Canada’s governing Conservatives are likely to lengthen this year’s election campaign by launching it in August, three senior party sources said, a move that would benefit the cash-rich party. Canadians go to the polls on Oct. 19. Given that campaigns must last at least 37 days, the latest date Prime Minister Stephen Harper could start this year’s would be Sept. 13. Five of the last six campaigns have run about that length. But the sources, who spoke on condition of anonymity, said Harper’s party already has its machinery in place and is expected to launch the campaign in August, possibly the first week. This would benefit the Conservatives, who last year changed a law that had imposed a maximum spending limit of around C$25 million ($19 million) on campaigns.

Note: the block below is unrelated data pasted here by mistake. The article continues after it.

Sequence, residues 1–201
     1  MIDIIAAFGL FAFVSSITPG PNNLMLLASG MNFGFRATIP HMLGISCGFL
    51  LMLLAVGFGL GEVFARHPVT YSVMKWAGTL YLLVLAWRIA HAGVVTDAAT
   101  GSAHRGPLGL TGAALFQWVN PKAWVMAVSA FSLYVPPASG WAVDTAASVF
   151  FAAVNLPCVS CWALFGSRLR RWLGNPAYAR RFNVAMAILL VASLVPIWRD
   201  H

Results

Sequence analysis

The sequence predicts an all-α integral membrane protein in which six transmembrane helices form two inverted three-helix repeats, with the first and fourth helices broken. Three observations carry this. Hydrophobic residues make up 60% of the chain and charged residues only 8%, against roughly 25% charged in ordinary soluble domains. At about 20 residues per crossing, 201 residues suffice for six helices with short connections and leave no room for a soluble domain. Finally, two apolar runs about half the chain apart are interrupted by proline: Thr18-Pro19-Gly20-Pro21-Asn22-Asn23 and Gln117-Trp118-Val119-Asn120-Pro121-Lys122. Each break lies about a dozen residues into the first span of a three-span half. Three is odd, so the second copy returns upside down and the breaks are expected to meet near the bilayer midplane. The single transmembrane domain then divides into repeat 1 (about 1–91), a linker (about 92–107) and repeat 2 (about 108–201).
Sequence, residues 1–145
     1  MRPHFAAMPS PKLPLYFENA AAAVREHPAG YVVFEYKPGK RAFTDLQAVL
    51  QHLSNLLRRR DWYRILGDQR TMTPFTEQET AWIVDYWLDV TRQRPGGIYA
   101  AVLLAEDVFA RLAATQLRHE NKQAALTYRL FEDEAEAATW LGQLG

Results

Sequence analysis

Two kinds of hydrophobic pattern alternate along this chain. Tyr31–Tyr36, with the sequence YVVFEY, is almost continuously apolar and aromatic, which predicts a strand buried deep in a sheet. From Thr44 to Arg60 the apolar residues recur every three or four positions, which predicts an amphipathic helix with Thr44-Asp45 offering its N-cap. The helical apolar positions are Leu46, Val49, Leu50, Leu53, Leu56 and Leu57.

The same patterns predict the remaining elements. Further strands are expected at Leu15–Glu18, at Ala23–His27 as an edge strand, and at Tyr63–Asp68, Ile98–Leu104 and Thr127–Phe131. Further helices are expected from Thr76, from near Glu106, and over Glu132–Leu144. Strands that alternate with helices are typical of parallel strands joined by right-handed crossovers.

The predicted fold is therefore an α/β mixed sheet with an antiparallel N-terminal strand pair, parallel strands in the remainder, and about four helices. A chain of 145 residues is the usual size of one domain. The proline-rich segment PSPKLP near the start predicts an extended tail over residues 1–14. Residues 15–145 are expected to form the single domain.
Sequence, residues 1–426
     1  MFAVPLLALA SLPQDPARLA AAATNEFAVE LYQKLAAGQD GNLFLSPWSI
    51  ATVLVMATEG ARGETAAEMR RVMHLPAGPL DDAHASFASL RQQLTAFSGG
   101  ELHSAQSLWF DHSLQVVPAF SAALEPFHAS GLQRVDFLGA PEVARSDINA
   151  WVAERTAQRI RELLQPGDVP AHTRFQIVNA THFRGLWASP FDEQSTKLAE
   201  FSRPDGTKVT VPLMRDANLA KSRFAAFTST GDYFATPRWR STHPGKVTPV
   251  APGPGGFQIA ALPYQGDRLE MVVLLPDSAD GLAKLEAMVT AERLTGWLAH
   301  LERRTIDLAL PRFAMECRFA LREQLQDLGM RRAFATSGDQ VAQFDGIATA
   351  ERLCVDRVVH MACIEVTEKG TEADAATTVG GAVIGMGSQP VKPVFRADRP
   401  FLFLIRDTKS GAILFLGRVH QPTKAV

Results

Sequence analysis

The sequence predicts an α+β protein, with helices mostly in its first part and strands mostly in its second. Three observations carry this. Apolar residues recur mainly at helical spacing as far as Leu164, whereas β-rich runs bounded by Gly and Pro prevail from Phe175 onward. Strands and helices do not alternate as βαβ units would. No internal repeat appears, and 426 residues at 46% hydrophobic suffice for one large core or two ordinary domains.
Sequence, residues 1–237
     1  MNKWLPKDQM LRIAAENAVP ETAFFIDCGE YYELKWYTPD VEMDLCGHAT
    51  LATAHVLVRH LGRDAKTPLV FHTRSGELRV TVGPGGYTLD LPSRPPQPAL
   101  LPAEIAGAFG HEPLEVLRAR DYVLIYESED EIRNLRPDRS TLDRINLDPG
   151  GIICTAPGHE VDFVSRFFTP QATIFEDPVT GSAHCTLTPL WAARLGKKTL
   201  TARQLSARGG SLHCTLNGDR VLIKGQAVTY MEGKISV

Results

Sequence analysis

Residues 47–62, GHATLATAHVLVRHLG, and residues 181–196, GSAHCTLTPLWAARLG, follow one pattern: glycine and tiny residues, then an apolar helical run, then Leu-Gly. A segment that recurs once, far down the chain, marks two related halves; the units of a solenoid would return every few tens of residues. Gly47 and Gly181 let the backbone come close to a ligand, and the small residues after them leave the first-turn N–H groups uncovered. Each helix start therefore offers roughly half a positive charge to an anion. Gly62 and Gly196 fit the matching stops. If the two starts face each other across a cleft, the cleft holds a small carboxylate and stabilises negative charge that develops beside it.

The new law increased the limit by about C$700,000 for every day beyond the minimum 37-day length. The Conservatives have a larger donor base than their rivals and raised C$6.3 million in the first quarter, more than the two main opposition parties combined. “A long campaign financially exhausts the other parties,” said one person familiar with Conservative strategy.
The right-of-center Conservatives, in power since 2006, are seeking a rare fourth consecutive victory. Opinion polls suggest they will find it tough to maintain their parliamentary majority.